Middle East

Views: Life on hold in Egypt

Cairo
Image caption The cabinet reshuffle did not appear to appease Cairo protesters

Beleaguered Egyptian President Hosni Mubarak has announced a new cabinet amid mounting pressure from protesters who have gathered in Cairo again in their tens of thousands.

How is the ongoing unrest in Egypt affecting the day-to-day lives of Egyptians and how do they see the future of their country?

BBC Arabic speaks to a number of Egyptians to find out.

Noha, housewife, Cairo

I live in a state of panic. I feel like I live in one of those areas of conflict I hear about in the news.

I can not go down to the street by myself or with my little daughter. It is not the same country anymore.

People here have major grievances against the security forces. The majority of the time, groups of young demonstrators are the ones starting clashes with them.

These young people do not know how best to deal with security personnel and are only making matters worse.

With great regret, I do not see a future. I wouldn't want my children to grow up in this environment. I can see the beginning of the end of a united Egypt as we know it.

Ahmed Mohamed, accountant, Alexandria

There are still great uncertainties regarding work. I have yet to receive any instructions from the Cairo office whether I should report for work or not, for example.

I know that 90% of staff are absent and I do not know of any plans in place for securing the power plants.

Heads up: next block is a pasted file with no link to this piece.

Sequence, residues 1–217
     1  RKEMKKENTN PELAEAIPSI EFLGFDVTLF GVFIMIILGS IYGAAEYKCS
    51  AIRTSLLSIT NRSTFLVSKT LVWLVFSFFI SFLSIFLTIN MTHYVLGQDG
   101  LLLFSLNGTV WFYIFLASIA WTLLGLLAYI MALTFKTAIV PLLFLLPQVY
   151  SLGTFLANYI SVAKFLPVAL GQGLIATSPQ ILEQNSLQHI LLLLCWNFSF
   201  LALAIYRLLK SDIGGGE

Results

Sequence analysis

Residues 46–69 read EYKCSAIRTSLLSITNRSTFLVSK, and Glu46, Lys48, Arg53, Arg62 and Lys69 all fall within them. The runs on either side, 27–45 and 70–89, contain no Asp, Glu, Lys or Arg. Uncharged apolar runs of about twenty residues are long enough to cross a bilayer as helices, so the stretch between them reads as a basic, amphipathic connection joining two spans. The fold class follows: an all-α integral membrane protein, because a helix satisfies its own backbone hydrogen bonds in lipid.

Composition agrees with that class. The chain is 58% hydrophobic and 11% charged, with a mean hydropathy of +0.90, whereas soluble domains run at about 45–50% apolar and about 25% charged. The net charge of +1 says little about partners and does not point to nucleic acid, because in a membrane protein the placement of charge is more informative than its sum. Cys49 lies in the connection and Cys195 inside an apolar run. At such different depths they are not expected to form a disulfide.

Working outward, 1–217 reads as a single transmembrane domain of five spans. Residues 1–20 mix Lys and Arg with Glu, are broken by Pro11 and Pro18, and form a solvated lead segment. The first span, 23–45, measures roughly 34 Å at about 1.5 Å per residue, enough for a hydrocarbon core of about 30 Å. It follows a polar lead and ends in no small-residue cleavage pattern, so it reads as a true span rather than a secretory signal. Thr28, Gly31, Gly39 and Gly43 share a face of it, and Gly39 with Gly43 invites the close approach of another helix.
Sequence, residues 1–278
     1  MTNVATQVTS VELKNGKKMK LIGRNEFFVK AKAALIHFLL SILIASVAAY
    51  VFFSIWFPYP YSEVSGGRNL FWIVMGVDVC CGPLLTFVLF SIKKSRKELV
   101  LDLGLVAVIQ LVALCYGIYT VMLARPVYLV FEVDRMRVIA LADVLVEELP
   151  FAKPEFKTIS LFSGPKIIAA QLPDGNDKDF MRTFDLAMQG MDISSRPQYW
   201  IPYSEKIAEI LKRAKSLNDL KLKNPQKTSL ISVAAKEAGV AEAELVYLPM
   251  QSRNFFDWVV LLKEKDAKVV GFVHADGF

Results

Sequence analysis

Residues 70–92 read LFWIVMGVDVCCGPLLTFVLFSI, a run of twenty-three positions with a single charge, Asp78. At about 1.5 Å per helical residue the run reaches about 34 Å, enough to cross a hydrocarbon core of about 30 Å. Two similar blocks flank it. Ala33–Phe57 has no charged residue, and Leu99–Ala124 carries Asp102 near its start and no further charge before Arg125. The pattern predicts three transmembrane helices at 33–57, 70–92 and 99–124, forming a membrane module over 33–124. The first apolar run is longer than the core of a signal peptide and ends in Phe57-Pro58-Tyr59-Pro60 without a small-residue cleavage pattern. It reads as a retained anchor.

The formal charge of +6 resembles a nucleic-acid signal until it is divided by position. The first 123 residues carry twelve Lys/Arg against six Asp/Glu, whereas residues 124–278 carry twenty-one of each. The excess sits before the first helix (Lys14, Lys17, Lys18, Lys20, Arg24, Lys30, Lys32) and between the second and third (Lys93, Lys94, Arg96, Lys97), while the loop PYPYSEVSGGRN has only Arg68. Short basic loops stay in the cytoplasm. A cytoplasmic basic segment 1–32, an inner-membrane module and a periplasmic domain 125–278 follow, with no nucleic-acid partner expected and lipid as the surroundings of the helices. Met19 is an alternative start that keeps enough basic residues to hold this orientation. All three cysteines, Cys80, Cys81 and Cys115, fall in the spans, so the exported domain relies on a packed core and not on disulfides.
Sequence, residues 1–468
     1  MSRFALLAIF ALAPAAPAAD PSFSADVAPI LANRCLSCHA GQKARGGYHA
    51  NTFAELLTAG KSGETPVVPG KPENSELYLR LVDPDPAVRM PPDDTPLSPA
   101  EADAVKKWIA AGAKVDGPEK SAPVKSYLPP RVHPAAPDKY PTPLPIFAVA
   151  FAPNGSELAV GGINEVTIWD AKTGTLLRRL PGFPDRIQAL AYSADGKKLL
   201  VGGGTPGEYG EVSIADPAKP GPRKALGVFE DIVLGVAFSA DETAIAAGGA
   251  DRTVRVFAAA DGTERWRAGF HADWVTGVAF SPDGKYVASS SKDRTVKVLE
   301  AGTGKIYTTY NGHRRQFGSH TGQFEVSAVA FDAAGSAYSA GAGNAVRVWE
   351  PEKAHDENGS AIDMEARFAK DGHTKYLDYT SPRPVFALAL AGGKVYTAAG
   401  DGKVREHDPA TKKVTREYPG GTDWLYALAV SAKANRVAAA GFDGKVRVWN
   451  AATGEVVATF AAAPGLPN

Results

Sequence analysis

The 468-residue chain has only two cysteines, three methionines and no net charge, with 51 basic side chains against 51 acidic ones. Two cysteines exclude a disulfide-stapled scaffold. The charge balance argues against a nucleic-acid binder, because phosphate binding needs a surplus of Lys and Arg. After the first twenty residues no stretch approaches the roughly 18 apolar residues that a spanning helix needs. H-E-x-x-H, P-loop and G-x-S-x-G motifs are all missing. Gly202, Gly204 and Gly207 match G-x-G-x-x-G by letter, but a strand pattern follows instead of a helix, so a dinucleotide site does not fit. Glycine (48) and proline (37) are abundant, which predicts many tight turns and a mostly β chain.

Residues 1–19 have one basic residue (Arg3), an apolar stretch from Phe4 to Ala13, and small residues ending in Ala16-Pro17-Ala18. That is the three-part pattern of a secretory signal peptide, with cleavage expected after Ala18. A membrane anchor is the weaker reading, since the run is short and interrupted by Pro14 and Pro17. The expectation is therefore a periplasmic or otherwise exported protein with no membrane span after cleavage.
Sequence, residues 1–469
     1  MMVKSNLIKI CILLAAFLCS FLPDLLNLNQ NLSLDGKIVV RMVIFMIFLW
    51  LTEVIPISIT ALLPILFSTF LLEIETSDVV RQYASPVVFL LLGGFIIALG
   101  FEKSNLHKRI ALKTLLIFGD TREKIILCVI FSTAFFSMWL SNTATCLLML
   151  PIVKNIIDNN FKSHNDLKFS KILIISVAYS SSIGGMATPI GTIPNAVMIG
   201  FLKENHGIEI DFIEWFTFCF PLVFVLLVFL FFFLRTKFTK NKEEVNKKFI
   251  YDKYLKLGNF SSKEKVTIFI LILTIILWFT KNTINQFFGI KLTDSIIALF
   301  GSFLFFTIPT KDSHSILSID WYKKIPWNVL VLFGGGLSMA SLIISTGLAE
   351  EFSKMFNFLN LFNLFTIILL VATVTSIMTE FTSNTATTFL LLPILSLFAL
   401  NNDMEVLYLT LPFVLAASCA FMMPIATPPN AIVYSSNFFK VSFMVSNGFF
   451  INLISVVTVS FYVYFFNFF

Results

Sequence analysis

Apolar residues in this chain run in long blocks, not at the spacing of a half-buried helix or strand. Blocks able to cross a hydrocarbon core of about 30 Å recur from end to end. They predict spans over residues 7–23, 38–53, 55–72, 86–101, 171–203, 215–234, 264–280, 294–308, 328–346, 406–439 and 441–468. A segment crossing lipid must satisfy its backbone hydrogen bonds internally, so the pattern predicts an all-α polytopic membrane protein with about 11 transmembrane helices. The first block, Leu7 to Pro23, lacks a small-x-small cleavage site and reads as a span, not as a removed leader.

The presence of the army is useful, but it's difficult for them to deal with such situations. Security is fine during the day but as night falls, people are scared.

Shops are also under pressure because of fears of people buying out the remaining stock of commodities.

The future, for me, looks good because I believe this country, and I believe we can overcome any difficulties. I also see any future changes will be for the best for Egypt.

Mohammed, unemployed, Suez

I was on the verge of getting a job, which I have been longing for, just before the current events. All this is now on hold.

I cannot leave home except to buy certain essential items. I cannot also use the internet because of the interruption in the service.

I suffer from insomnia at night and I cannot sleep, despite the fatigue. I live a state of fear. I woke up startled the day before when I heard the door to my apartment opening. It was just my mum.

I wish the situation would calm down. I would like to get a job, and even be able to support my mother.

I also hope I can afford to get married soon. All I am asking for is to live like any other human being.

Hamdi Al Fakharany, businessman, Giza

The current events are affecting the lives of everyone. No selling or buying in the shops, neither are people going to work. It's a state of complete paralysis. There is a state of fear in the country. We hope things will end on a good note.

The president must step down. Is he waiting for things to get worse? Or is he waiting for America and Israel to rescue him?

If the constitution is amended and free and fair elections are held then the future is bright for this country, even if the economic downturn continues.

Our generation is not that important. What is important is our children's generation. I feel scared for the future of my son.

Mohammed Omar, recruitment specialist, Damietta

Living in a state of fear for the sake of properties. The local police station is empty.

People have organised their own walking patrols to protect homes and lives. Army has not appeared here yet.

I'm always in touch with family and friends on the phone to check on them.

I am concerned about the future. There is no trace of the Ministry of Interior, which employs about one million people.

For the ministry to resume its work, it will take a long time.

It will also take time for the military to reach all parts of the country.

I am pessimistic about the future.